- This topic is empty.
April 24, 2014 at 9:39 pm #8022AnonymousGuest
What is the Heartbleed bug?
The bug exists in a piece of open source software called OpenSSL which is designed to encrypt communications between a user's computer and a web server, a sort of secret handshake at the beginning of a secure conversation.
It was dubbed Heartbleed because it affects an extension to SSL (Secure Sockets Layer) which engineers dubbed Heartbeat.
It is one of the most widely used encryption tools on the internet, believed to be deployed by roughly two-thirds of all websites. If you see a little padlock symbol in your browser then it is likely that you are using SSL.
Half a million sites are thought to have been affected.
“This allows attackers to eavesdrop communications, steal data directly from the services and users and to impersonate services and users.”
Do I need to change my passwords?
Some security experts are saying that it would be prudent to do so although there is a degree of confusion as to when and if this needs to be done.
Many of the large technology firms including Facebook and Google have patched the vulnerability.
Some point out that there will be plenty of smaller sites that haven't yet dealt with the issue and with these a password reset could do more harm than good, revealing both old and new passwords to any would-be attacker.
But now the bug is widely known even smaller sites will issue patches soon so most people should probably start thinking about resetting their passwords.
if you are worried about your credit cards, check your credit card bills very closely.”
How do I make sure my password is robust?
I think now is a good time to review your passwords.
We are advised to regularly change their passwords. Words that don't appear in a dictionary are preferable as is a mixture of words and numbers.
For people whose attitude to passwords is to reset them each time they visit a site because they have forgotten them, there is help on hand.
Tools are now widely available that will store and organise all your passwords and PIN codes for computers, apps and networks. They can also generate passwords and can automatically enter your username and password into forms on websites.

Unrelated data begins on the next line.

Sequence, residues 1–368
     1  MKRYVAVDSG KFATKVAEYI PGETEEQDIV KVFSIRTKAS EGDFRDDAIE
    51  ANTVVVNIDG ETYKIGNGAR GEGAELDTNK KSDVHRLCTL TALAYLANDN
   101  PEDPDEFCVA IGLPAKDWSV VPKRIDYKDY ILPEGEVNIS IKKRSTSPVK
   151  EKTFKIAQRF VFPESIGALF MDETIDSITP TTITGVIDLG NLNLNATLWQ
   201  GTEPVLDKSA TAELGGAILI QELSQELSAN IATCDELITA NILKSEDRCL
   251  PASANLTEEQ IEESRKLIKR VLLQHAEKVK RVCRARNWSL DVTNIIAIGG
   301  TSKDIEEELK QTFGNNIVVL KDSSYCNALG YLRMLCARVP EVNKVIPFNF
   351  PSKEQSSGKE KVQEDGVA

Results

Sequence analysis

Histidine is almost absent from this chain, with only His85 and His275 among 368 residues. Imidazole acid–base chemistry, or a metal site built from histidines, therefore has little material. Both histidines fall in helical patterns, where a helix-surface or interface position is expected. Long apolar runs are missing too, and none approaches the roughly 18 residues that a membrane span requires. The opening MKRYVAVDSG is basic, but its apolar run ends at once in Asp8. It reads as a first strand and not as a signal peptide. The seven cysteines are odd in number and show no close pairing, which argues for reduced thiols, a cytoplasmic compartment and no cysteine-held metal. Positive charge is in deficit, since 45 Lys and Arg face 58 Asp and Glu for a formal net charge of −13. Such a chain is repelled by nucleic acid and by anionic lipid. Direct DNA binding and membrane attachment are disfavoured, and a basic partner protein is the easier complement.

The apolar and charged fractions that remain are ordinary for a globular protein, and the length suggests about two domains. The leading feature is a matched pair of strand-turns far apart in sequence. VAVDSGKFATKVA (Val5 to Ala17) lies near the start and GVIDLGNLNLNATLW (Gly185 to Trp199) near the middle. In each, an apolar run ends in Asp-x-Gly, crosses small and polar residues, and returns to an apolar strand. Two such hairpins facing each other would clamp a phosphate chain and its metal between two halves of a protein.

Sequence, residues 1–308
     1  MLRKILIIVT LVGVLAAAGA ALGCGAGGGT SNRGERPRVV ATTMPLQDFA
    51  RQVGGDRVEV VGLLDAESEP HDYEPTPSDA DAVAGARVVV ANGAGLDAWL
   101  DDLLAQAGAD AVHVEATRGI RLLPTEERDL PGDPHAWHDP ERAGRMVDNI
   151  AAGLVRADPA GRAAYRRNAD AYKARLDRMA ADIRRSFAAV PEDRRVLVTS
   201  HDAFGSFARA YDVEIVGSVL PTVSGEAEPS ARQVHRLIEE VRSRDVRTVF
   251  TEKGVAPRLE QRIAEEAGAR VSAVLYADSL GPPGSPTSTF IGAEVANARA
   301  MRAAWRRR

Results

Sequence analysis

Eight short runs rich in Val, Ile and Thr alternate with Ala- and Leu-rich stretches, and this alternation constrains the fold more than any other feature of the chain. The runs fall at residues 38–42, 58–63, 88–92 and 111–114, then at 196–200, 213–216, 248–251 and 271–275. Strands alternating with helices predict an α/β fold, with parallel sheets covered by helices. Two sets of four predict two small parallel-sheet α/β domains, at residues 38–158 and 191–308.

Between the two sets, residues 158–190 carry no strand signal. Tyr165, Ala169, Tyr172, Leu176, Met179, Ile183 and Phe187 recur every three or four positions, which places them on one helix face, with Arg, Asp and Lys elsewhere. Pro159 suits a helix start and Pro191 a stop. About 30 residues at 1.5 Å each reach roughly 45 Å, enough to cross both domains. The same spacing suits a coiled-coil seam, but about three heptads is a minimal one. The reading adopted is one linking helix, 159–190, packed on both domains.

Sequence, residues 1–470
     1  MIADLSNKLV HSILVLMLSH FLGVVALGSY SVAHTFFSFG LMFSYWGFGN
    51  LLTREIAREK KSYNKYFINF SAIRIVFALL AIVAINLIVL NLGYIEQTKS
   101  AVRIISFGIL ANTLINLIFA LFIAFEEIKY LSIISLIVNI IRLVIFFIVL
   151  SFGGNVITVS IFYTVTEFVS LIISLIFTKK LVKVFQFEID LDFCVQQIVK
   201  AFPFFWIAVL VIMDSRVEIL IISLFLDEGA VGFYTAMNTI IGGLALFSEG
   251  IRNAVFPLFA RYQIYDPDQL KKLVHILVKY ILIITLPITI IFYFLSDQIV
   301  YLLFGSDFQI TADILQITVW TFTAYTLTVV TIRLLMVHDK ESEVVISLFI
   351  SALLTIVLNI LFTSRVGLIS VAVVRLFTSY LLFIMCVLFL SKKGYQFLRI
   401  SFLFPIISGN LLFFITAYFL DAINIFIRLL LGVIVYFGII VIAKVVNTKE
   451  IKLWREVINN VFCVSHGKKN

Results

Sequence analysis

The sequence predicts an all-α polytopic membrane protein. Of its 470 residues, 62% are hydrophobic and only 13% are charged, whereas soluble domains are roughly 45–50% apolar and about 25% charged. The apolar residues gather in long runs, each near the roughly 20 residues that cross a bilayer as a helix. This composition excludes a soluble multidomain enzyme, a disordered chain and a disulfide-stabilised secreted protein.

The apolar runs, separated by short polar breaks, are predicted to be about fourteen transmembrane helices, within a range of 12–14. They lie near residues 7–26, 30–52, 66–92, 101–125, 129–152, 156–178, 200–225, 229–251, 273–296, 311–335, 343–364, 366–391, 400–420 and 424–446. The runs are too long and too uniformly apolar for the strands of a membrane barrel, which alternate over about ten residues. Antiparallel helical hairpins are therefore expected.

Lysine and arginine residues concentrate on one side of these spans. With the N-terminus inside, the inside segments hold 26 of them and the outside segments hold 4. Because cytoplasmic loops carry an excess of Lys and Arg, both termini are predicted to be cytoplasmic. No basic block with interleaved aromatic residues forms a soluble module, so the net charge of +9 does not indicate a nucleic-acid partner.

Such tools store your passwords in an encrypted file that is accessible only through the use of a master password. Examples of such services include KeePass, LastPass, Roboform & 1Password.
Some firms are starting to offer alternatives to passwords – finger-print readers
Which sites are affected?
There are half a million believed to be vulnerable so too many to list
The LastPass website has compiled a list as has new websiteMashable. Meanwhile security firm Kaspersky directs people to theHeartbleed test.
While Facebook and Google say that they have patched their services, according to the Kaspersky blog, there is a long list of sites that are still vulnerable, including Flickr, OkCupid and Github.
One of the biggest tech firms remaining on the vulnerable list was Yahoo but, as of last night, it too seemed to have remedied the problem saying it “had made the appropriate corrections across our entire platform”.
Lastpass Heatbleed checker
What is the worst-case scenario?
The bad news, is that “exploiting Heartbleed leaves no traces so there is no definitive way to tell if the server was hacked and what kind of data was stolen”.
Why has the problem only just come to light?
The bug was first spotted by Google Security and a Finnish security firm Codenomicon which said that it was introduced by a programming error.
Because OpenSSL is open source, researchers were able to study the code in detail which is why it was found in the first place.
But such code libraries are immensely complex so it can take some time for those who routinely examine the code to come across such problems.
“It was such an unexpected problem that it wasn't something that researchers would necessarily have been looking for.
Is the bug connected to revelations about US and UK government snooping?
There is no direct evidence although lots of speculation that there is a link after details emerged that the National Security Agency (NSA) explored ways to break encryption.
GCHQ simply said it had a “longstanding policy that we do not comment on intelligence matters”.
And many seemed to think that the problem was down to bad code rather than anything more sinister.
- You must be logged in to reply to this topic.